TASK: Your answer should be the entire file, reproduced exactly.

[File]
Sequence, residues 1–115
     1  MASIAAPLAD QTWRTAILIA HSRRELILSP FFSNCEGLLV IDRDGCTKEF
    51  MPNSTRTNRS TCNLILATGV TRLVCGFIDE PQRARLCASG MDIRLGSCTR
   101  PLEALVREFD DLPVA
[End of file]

Sequence, residues 1–115
     1  MASIAAPLAD QTWRTAILIA HSRRELILSP FFSNCEGLLV IDRDGCTKEF
    51  MPNSTRTNRS TCNLILATGV TRLVCGFIDE PQRARLCASG MDIRLGSCTR
   101  PLEALVREFD DLPVA